The UK general election in December shouldn’t just be about Brexit. It should be about how we cushion the effects of Brexit, if and when we leave - and even if we don’t. Most sane people on both sides accept that our economy is taking a knock, that it could get worse if we leave and that the solutions are going to have to be creative.
Even die-hard Brexiteers agree that there will be an economic price to pay; the difference in opinion is whether that price will be short or long-term, and whether it will be ultimately worth it.
This election, whatever the result, won’t settle this. Quantifying the real cost of Brexit is politically impossible. There is just too much of an incentive for both sides to exaggerate to their own advantage.
The most obvious and indisputable economic change so far is that the pound has weakened, recently falling to below $1.20, its lowest level in three years. This means that things produced or made in the UK are effectively cheaper for foreign buyers.
Often, we are told that this is great news for British exporters at the same time as we are hearing that UK manufacturers will slow down or even shut down because of Brexit pressure on supplies and export tariffs. Perhaps the way to square this circle is to think differently about what an exporter actually is. As well as cars, luxury goods and services, what Britain is best at exporting is itself: selling “Brand Britain” to tourists.
This may seem ironic given that much of the talk surrounding Brexit has been about Britain becoming less diverse, more closed off to the world, and even inhospitable to foreigners. But could the only way to protect our economic strength - and even our livelihoods - after Brexit be to open ourselves up to even more tourists? I think so. Our armed forces, economy and even our society may be struggling with various challenges, but the UK is still a tourism superpower - even though we rarely celebrate the fact.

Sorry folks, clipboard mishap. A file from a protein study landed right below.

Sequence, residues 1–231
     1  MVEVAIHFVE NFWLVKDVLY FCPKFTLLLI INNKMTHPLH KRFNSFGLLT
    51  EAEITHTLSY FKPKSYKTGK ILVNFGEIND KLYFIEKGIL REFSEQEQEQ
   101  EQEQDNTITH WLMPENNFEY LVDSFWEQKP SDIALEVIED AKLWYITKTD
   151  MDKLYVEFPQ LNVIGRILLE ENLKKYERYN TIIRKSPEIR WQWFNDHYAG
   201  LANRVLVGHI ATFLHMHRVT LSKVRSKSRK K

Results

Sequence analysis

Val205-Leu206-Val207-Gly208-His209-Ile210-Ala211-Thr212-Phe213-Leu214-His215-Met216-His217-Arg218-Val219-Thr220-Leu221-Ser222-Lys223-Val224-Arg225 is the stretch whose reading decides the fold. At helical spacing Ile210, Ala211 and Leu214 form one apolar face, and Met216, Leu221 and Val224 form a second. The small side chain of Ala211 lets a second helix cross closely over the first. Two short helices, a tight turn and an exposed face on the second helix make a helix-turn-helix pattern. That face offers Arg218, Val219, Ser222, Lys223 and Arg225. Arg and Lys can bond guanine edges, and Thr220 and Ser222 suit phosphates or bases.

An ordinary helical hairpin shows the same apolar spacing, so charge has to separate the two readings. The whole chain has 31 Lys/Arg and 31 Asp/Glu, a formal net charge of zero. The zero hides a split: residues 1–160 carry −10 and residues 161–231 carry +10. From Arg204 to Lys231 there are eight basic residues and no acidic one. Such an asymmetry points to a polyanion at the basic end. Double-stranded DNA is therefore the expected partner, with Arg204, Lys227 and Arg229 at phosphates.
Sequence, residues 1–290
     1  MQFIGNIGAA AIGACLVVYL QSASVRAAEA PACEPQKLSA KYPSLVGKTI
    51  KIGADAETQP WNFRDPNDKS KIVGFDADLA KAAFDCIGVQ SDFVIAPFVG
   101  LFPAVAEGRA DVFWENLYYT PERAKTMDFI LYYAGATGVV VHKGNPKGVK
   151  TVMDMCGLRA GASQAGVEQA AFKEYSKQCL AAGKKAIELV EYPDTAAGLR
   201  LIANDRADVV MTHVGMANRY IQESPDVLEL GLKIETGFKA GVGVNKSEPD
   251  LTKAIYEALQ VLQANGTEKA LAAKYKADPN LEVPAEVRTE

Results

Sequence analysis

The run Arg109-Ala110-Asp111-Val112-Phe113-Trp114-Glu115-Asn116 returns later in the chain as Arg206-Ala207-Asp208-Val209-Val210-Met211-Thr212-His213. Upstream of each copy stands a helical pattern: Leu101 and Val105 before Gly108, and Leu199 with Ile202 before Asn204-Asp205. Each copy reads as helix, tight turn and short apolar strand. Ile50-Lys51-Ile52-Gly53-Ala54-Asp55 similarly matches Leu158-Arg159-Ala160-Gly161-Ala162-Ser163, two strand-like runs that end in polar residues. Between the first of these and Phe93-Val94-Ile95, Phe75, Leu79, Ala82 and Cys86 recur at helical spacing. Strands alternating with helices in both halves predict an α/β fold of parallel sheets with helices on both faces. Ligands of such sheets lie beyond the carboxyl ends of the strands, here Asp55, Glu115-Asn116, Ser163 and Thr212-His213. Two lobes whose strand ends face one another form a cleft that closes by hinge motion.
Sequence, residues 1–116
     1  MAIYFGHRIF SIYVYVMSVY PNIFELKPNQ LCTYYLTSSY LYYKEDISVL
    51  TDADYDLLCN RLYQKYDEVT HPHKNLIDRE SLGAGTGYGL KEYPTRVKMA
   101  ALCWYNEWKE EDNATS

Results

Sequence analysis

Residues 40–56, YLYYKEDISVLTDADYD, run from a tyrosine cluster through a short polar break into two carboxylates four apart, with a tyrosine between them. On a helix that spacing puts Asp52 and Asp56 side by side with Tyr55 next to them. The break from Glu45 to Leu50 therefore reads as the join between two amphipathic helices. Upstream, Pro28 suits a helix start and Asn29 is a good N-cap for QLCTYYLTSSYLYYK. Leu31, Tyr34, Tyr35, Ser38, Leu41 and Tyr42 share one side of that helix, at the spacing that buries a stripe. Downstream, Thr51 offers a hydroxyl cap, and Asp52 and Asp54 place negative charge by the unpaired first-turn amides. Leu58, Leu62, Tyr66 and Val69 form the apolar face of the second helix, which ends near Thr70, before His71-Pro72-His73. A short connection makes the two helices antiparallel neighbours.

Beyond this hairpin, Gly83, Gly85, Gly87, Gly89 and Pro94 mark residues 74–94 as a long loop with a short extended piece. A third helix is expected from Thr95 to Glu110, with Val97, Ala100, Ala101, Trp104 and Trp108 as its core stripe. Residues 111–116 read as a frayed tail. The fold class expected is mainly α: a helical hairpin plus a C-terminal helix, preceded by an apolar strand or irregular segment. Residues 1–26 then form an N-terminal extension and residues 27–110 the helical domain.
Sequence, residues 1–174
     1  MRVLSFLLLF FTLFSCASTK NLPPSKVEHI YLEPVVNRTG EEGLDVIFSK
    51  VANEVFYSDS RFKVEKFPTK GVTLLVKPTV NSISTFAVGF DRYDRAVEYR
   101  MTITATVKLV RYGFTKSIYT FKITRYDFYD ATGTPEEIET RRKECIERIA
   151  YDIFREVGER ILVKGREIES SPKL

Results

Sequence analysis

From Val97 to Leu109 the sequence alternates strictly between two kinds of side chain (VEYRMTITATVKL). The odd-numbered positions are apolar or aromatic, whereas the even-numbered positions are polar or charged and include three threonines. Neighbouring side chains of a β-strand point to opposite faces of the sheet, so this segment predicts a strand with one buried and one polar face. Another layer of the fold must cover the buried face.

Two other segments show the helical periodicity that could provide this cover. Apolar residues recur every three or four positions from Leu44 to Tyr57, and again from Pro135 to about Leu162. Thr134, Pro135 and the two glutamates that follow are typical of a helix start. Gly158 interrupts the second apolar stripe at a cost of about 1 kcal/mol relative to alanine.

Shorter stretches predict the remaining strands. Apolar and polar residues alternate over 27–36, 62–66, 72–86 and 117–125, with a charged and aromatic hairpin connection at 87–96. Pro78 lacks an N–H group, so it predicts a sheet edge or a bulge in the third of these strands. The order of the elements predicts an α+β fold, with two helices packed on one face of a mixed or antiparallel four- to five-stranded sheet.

Last week, for example, Lonely Planet crowned England the world’s best tourist destination in 2020, after the Himalayan kingdom of Bhutan. The land-locked country, with a population the size of Liverpool, is both every avid explorer’s dream and notoriously expensive and exclusive, which means that for the vast majority of travellers, England is the travel guide's top choice.
Recognition like this is a huge opportunity. As Brexit continues to define Britain's image, tourism can give it the soft power and PR edge that the UK’s exit from the EU is taking from it. But the government seems oblivious to it. Despite tourism contributing 10% of the UK's economy, the country has no dedicated tourism minister and the issue is all but ignored at cabinet level. While Visit Britain having been much more robust over the past few years, the country is often promoted through inertia, rather than top-down efforts.
Contrast this with other countries (like Russia and Turkey, for example) that see tourism as a key plank of both their economic and diplomatic policies. They know that foreign visitors bring in cash, but take home something more important than souvenirs. They go home with an improved image of the country they have visited, and its people and values.
Previously closed off countries like Russia - and most notably Saudi Arabia - have recently introduced electronic travel authorisations that provide essentially visa-free travel for tourists from countries that provide high spenders with low risk of overstaying. At a time when Britain stands accused by some of becoming dysfunctional or even authoritarian, is it time we learnt from our counterparts in Moscow, Riyadh and elsewhere?
It may sound counter-intuitive that the only way for Britain to survive and thrive through Brexit is to welcome more foreign visitors, but it’s true - our untapped tourism potential leaves us with little choice.
Nabeel Shariff is founder of Muslim ethical travel site Rihaala.com
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